“The number of intermediate varieties which have formerly existed on earth must be truly enormous. Why then is not every geological formation and every stratum full of such intermediate links? Geology assuredly does not reveal any such finely graduated organic chain; and this, perhaps, is the most obvious and gravest objection which can be urged against my theory.” – Charles Darwin 1902 edition.
Meet Pluvialis fulva. Known to friends as the Pacific Golden Plover.
Did you know that the Pacific Golden Plover proves the existence of God?
Aside from having beauty and grace and an anatomy that demands the supernatural, the Pacific Golden Plover proves creation and defies evolution by, among many other reasons, it’s innate highly advanced migratory positioning system!
Every year, the Pacific Golden Plover leaves Hawaii and migrates north approximately 3,000 miles to Alaska.
A few weeks later, the baby Pacific Golden Plovers are born. After consuming the necessary grams of fat (fuel), they too head home in one shot, back to Hawaii, where they have never been before! They just instinctively know how to arrive at locations that they have never visited! This represents a technology far beyond the capabilities of man, who have just begun to dabble with sophisticated positioning systems.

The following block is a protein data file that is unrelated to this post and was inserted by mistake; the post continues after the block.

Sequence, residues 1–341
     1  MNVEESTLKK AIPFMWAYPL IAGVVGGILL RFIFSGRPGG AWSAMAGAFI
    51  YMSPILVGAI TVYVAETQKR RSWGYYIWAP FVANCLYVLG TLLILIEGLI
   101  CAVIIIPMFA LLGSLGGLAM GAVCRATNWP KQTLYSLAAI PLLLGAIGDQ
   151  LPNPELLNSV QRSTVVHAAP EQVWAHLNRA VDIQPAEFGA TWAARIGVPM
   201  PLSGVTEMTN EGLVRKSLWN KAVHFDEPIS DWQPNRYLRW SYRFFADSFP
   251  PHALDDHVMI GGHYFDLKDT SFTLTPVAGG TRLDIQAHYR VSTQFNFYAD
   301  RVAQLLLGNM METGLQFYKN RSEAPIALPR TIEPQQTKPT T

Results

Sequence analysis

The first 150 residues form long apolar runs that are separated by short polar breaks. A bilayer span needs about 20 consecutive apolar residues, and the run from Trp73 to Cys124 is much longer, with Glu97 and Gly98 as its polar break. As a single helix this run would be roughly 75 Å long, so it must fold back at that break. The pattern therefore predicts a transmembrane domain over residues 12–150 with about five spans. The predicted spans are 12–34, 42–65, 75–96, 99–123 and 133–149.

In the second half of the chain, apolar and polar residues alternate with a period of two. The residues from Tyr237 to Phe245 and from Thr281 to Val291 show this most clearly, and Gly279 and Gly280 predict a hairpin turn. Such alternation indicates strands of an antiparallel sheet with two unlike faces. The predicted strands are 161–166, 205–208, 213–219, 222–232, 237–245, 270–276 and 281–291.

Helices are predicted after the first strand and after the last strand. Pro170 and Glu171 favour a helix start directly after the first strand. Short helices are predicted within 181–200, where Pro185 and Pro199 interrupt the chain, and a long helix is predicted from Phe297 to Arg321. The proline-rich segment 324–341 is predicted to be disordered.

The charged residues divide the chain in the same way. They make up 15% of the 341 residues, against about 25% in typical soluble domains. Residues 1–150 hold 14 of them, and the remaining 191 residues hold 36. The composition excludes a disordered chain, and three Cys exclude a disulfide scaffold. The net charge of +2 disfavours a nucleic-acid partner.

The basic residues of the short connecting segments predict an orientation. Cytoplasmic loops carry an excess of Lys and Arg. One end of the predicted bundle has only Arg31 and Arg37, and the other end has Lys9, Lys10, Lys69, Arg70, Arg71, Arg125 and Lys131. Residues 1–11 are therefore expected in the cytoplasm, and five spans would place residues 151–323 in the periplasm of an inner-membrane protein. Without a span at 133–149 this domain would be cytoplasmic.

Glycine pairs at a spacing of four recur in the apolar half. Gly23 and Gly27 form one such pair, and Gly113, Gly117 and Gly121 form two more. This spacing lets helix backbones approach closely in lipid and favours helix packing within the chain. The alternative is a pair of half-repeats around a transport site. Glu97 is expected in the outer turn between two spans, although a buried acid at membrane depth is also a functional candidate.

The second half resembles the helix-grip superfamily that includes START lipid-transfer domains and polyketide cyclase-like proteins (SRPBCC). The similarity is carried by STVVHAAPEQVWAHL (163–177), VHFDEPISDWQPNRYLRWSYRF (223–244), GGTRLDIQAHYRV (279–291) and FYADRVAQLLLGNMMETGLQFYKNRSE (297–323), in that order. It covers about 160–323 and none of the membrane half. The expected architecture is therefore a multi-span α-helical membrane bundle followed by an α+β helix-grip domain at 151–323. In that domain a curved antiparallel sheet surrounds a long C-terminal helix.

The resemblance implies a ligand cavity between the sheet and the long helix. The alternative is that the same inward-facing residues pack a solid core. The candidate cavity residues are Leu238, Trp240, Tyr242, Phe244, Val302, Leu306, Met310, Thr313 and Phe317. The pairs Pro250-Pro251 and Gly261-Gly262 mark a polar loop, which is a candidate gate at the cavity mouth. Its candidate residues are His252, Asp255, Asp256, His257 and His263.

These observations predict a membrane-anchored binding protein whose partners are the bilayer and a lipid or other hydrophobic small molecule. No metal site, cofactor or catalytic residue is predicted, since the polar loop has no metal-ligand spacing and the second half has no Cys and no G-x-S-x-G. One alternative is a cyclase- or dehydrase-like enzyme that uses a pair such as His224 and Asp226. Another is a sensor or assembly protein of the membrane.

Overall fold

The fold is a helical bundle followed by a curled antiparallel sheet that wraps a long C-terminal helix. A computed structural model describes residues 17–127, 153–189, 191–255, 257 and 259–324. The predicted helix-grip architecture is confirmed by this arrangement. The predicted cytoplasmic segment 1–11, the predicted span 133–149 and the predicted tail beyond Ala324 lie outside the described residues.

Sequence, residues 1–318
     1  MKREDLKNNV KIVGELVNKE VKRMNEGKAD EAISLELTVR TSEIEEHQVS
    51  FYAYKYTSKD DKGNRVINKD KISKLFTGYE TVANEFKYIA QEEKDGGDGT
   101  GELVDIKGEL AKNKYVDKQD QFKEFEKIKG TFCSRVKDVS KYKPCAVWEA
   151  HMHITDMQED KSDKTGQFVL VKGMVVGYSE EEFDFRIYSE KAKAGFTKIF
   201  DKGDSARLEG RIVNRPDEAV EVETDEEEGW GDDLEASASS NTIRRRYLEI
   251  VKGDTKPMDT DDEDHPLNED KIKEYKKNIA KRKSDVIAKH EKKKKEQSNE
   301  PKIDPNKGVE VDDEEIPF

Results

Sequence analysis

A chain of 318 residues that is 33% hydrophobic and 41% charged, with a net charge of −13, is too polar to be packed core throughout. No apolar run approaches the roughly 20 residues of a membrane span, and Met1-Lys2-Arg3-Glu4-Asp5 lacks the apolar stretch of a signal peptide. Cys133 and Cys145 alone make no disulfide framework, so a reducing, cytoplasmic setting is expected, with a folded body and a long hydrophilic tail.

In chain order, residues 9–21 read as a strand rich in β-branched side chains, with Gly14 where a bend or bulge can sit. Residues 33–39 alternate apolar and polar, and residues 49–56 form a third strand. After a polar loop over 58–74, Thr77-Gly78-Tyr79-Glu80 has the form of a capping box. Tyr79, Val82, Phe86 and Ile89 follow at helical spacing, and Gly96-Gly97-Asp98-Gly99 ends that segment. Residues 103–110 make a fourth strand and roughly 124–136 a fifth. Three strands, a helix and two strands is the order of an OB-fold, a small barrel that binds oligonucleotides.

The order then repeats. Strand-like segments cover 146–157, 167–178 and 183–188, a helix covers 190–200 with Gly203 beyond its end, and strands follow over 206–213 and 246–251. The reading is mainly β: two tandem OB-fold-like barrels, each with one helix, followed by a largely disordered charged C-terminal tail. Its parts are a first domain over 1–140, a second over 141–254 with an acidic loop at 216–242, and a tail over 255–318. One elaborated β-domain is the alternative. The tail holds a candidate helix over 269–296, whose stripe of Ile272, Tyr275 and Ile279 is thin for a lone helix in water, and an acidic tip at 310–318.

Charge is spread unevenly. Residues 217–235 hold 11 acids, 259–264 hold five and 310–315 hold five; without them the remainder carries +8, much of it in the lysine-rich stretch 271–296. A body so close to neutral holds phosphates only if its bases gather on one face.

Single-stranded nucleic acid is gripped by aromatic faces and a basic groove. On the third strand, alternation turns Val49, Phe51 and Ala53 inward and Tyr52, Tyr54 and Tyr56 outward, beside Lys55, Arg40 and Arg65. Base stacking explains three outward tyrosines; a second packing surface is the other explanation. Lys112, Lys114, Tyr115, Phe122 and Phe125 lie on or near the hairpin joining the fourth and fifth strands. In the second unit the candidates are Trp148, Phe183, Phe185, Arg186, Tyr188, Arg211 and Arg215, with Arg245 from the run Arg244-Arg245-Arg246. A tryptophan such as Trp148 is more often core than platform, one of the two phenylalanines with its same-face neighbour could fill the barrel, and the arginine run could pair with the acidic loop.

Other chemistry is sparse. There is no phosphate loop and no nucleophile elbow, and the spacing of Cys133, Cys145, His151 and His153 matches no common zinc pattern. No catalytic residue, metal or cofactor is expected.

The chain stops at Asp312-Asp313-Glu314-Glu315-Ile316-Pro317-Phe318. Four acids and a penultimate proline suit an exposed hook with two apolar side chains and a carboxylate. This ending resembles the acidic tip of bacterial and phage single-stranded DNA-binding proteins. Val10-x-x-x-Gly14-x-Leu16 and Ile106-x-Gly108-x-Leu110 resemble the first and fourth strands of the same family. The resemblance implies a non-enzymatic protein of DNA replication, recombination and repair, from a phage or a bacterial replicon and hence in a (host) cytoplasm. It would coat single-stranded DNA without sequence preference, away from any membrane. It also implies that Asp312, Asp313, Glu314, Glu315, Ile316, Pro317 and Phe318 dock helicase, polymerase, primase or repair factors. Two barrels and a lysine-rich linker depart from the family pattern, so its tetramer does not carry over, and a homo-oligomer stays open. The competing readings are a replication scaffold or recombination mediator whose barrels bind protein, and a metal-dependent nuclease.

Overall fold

The babies then fly, (like mom and dad) in a V-formation which allows each to achieve a reduction of induced drag which results in an increase of their range, making the trip home possible. When the lead plover gets tired, he moves to the back and the next in line moves to the front, taking the brunt of the direct wind for a time, until all are home safely.
Can anyone tell me how this evolved or how the Pacific Golden Plovers survived for millions of years while they were taking in less than 7 pre-flight grams and were crashing into the ocean on their way home?
“…I am quite conscious that my speculations run beyond the bounds of true science….It is a mere rag of an hypothesis with as many flaw[s] & holes as sound parts.” Charles Darwin to Asa Gray, cited by Adrian Desmond and James Moore, Darwin, (New York: W.W. Norton and Company, 1991) pp. 456, 475.